China plans its own 'Christian theology'

A Chinese priest during Mass

China says it may try to create a theology based on Christianity - that integrates the religion with Chinese culture and is compatible with the country's socialist beliefs, it's been reported.

Wang Zuoan, a senior official for religious affairs, says China supports the development of Christianity within the country. But "the construction of Chinese Christian theology should adapt to China's national condition," the state-backed China Daily website reports. His comments came at a conference for Sinicization of Christianity in Shanghai.

It's thought there are about 23 million to 40 million Protestants in China - 1.7% to 2.9% of the total population - and that each year, about 500,000 people are baptised as Protestants. But China's ruling Communist Party is officially atheistic and relations with the church have sometimes been strained. People are only supposed to worship in places approved by the government, but many underground churches operate in China too.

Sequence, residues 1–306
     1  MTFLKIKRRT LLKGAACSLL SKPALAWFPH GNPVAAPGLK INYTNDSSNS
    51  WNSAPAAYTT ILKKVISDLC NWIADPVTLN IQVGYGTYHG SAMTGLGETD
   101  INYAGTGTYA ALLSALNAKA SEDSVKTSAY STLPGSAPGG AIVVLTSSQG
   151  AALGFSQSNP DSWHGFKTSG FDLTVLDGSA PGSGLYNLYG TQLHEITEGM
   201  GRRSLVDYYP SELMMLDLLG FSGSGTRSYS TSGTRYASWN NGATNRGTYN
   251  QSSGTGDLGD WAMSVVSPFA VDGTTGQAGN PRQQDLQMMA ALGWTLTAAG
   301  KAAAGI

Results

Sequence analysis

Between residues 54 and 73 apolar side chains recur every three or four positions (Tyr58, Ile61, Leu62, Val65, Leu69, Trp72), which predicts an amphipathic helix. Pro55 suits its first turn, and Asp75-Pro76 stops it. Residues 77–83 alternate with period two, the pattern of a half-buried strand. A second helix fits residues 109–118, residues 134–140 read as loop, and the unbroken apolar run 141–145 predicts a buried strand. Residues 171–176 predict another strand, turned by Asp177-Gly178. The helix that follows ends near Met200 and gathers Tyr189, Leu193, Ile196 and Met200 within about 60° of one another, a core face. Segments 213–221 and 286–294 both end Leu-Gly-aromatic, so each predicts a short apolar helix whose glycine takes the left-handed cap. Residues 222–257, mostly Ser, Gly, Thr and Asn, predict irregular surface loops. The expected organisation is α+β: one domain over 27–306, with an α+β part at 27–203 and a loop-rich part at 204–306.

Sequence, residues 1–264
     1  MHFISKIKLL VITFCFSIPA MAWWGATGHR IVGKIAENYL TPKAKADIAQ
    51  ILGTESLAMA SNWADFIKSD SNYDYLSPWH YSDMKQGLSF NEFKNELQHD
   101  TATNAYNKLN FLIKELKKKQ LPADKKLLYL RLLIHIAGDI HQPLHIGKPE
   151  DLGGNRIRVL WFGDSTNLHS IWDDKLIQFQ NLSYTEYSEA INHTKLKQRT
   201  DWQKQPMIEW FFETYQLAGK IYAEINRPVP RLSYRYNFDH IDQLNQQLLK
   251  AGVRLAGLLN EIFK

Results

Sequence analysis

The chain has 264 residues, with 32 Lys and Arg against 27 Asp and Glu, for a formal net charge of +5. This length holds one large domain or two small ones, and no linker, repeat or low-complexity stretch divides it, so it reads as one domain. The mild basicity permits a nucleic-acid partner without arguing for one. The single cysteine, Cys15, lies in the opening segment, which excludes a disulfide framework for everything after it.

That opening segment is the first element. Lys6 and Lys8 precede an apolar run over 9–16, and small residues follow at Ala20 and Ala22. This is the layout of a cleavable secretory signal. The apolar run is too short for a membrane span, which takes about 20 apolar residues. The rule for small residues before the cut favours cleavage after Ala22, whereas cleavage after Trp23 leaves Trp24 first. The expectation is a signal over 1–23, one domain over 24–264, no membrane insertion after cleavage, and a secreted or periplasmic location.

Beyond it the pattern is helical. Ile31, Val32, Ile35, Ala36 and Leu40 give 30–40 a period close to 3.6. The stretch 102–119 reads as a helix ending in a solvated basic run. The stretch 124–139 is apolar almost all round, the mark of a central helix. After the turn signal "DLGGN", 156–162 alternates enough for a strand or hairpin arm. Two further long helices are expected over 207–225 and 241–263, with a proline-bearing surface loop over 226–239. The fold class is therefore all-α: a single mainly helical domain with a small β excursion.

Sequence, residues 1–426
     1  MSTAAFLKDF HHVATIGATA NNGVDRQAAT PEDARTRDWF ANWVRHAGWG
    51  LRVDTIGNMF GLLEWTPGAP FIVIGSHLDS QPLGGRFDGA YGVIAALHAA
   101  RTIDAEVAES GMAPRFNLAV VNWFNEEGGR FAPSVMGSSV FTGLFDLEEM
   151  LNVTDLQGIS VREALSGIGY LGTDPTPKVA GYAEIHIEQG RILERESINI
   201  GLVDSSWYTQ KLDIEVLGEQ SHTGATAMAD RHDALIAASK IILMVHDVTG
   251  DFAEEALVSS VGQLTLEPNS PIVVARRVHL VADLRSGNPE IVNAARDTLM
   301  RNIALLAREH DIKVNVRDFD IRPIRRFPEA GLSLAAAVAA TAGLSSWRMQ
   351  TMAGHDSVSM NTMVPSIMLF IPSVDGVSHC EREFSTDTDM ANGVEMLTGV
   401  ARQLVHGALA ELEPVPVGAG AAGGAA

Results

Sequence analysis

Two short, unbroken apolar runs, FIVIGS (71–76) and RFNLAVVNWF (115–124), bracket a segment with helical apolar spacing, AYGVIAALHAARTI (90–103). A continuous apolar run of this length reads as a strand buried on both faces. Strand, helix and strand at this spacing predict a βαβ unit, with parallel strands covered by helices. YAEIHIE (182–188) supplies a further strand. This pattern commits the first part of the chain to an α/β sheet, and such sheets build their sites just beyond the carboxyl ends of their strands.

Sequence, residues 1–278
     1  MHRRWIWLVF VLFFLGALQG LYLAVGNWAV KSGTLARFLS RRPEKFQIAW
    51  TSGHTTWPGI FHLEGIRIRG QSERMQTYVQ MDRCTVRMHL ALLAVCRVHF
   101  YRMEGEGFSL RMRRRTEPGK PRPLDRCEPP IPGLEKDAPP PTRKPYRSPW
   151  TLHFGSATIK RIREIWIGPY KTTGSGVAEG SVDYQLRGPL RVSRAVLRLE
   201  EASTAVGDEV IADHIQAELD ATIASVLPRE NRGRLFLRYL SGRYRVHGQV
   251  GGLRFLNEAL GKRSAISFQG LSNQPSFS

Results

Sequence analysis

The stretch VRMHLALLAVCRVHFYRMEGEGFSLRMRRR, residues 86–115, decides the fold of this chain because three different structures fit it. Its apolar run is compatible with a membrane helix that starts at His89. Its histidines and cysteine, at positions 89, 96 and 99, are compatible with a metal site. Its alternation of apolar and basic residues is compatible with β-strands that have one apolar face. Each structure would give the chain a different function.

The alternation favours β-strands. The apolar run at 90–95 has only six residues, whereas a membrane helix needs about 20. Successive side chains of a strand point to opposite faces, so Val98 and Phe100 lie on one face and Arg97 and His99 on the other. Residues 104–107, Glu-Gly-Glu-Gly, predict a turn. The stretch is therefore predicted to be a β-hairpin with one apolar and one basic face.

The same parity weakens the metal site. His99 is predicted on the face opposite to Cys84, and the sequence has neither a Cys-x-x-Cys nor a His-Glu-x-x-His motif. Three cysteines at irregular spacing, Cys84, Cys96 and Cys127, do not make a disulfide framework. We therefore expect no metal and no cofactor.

In Wenzhou - sometimes called China's Jerusalem, where more than one in 10 people are Protestant - state authorities are cracking down on what they say are illegal church buildings, taking away or threatening to remove crosses at more than 130 Protestant churches and demolishing some entirely, the Taipei Times says. It cites experts and church leaders saying they believe the authorities are alarmed by the quick growth of Protestantism in the area, and are trying to suppress it.

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